The eye test is maybe not quite as bullish. Offensively, he has a pretty good first step and ball skills for his size. However, he struggles to adjust the plan when his initial path is cut off. Defensively, he can be a major disruptor as a secondary defender off the ball, but he can be a bit upright and tight-hipped on it.
I get the overall concerns, and I don’t want to minimize them. But there is massively more upside here than with any other player remaining on the board. Yes, it feels high for a risk-reward pick like this, except the middle of this draft isn’t strong. The ninth overall pick also bombs a lot more often than people realize (we recently had Dennis Smith Jr. and Kevin Knox go ninth in consecutive years, for instance), so this is where the equation on Johnson starts turning favorable. It’s possible he bombs, but this is as low as I can put him.
NBA Draft Room Comp: faster Tristan Thompson
Sam Vecenie, The Athletic: Defense, defense, defense. Garuba is already one of the best defenders in Europe as a teenager and profiles as a potential All-Defense Team guy in the NBA by the time he’s 25. He can really defend on the interior, with terrific fundamentals for verticality and weak-side shot blocking. His ability to slide his feet and drop his hips laterally is ridiculous, and his instincts as a pick-and-roll defender are terrific. The problems come on offense. He’s still not a particularly effective player on that end, but there have been signs of progress. He had two games last week against Anadolu Efes in EuroLeague play that were positive signs, including a ridiculous 24-point, 12-rebound performance. He also has been making more 3s recently, but it’s going to take some time.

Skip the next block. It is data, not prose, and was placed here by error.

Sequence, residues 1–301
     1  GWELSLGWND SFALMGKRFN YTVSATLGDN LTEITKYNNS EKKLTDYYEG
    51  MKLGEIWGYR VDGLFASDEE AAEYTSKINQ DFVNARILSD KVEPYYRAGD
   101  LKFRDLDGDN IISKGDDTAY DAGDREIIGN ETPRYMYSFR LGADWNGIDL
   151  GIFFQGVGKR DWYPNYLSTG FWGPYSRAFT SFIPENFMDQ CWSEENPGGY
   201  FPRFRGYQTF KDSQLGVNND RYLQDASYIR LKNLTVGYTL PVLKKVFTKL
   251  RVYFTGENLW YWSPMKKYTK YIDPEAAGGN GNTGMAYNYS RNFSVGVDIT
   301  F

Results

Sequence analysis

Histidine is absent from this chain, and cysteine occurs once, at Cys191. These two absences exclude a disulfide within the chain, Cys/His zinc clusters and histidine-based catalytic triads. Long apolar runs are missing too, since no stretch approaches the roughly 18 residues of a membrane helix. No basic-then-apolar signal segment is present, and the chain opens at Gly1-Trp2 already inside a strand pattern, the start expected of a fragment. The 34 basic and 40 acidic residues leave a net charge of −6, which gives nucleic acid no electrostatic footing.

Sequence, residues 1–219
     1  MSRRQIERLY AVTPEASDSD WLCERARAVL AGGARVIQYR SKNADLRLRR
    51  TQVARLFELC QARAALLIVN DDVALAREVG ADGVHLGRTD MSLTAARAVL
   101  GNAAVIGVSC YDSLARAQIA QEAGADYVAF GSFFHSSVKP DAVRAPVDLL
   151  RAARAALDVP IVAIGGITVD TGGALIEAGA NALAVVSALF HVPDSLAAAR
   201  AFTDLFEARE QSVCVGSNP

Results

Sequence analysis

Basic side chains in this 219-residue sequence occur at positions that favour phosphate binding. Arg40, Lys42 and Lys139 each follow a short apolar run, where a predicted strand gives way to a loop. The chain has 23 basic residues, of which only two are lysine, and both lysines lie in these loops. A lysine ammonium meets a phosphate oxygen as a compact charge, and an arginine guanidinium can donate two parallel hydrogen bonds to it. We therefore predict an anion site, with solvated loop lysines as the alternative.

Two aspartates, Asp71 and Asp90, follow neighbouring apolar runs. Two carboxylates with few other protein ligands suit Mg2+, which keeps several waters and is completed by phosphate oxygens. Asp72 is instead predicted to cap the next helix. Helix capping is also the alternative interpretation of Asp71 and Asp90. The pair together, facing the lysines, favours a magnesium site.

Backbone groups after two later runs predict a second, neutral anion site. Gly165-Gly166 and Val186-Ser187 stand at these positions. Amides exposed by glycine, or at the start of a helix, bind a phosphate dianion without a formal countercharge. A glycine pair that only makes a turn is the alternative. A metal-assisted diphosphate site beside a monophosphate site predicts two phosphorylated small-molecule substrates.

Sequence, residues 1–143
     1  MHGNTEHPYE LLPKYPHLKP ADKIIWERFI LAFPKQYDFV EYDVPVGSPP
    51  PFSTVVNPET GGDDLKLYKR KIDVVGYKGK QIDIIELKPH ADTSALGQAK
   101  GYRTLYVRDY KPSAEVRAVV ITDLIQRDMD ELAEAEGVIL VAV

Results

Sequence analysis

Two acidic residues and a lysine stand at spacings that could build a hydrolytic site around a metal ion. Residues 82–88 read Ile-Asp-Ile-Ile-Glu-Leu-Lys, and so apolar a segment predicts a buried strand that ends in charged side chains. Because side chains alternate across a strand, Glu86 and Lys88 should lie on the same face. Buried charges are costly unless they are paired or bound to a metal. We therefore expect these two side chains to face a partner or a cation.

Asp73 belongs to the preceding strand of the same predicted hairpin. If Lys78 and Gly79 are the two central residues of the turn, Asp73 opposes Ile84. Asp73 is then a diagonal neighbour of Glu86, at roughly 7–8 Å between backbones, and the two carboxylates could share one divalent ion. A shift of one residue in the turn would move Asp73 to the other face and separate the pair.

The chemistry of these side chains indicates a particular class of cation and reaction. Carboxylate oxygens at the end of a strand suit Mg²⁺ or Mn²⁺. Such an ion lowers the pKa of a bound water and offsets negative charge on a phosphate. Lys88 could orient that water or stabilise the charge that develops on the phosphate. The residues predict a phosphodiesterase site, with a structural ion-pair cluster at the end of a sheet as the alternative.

Kevin O’Connor, The Ringer: SHADES OF OG Anunoby, Kenneth Faried
Hyper defender who always makes the extra effort but needs to define an offensive role.
Plays with elite defensive effort and intelligence. He’s always locked in and flies around the floor for blocked shots, steals, and deflections.
Switchable defender with the bulk to handle bigger players and the agility to match up against quicker wings and even guards. He’s aware and does a good job of using his hands to shut passing windows.